(WUTR/NEXSTAR) – The Northern Hemisphere looks ready to transition into a La Niña winter in the next month, according to the latest outlook from the National Oceanic and Atmospheric Administration’s Climate Prediction Center.
Most forecasting models indicate La Niña conditions are set “to emerge shortly and continue through winter 2021-22,” the analysis released Monday said.
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NOAA said the latest outlook indicates a 70-80% chance of a La Niña winter this year.
La Niña is a climate pattern where winds that blow from east to west become stronger than normal, pushing warmer water towards Asia but upwelling colder water on the coast of the western United States. The colder waters in the Pacific end up affecting the atmosphere, pushing the jet stream further north.
What does this mean in laymen’s terms for winter weather?
“It really depends where you are in the United States. It will vary by location,” NOAA climate scientist Michelle L’Heureux told Nexstar in August. “The southern tier during a La Nina is often drier than average during the winter, and that often extends into spring.”
That southern tier includes Southern California, the southwestern states, Texas, and the Gulf Coast states through to Florida. Many of those states, especially in the southwest, are plagued by drought, and a La Niña year could make that worse.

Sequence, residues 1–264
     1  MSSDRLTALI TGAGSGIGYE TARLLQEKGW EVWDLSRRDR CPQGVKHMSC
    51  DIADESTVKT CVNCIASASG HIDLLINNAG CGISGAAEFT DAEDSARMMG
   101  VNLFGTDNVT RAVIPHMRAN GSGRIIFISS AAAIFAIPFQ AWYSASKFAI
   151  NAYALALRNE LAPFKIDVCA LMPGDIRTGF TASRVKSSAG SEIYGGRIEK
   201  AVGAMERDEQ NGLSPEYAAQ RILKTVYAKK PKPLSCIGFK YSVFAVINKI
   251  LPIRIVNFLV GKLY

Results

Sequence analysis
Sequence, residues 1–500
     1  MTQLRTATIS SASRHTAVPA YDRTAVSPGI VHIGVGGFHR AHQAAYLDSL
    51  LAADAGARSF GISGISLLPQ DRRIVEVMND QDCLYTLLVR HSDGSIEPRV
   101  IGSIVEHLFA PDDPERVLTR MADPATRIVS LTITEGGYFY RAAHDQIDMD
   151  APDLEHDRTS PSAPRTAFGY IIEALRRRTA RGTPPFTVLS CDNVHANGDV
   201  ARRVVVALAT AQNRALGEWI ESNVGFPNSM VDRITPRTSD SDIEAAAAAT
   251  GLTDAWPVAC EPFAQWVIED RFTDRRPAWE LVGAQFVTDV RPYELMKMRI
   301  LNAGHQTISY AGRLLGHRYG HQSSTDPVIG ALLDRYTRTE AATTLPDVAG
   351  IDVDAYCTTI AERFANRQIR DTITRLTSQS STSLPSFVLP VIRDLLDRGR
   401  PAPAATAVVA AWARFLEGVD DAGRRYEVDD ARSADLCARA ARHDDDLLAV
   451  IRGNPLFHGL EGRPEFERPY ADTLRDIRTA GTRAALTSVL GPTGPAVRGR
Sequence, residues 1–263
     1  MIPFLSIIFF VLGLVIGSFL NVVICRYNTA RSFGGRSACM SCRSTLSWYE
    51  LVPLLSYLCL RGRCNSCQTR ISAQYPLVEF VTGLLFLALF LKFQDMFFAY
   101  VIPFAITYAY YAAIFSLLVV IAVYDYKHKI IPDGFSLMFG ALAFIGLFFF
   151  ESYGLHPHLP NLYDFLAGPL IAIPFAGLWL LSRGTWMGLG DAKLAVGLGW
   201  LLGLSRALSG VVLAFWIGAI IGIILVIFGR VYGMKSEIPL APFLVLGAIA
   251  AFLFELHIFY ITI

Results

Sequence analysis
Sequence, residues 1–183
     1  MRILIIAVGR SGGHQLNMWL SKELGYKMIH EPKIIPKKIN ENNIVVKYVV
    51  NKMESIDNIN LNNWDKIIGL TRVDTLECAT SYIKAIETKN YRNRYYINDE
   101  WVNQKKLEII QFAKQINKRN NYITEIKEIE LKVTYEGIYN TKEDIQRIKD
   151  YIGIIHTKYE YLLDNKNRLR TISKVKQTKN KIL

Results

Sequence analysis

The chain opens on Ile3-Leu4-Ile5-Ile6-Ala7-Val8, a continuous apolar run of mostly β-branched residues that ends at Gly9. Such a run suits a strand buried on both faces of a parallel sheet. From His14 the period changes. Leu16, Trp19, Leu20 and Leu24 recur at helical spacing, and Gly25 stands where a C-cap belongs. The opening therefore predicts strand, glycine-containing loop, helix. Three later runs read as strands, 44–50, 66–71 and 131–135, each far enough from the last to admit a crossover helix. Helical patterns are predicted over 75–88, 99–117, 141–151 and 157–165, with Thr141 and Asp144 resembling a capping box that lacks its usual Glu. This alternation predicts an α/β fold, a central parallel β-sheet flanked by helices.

The opposite is actually true for Northern California and the Pacific Northwest, where La Nina winters tend to bring more precipitation, not less. Later in winter, that extra precipitation tends to hit Ohio and the Tennessee Valley.
How La Niña affects the northeast is the biggest mystery, L’Heureux said. It’s pretty much equal chances of a wet winter and a dry winter.
The forecast data is hinting toward a moderate La Niña during the fall and winter 2021-22. The previous forecast hinted towards a borderline or weak La Niña. The weaker the La Niña conditions are, the more it will feel like a normal winter where you live.
La Niña is the opposite of El Niño. El Niño occurs when trade winds weaken and warmer water is pushed back east, toward the west coast of the United States. This pushes the polar jet stream south, leading to warmer and more mild winters in the north, and wetter winters in the south.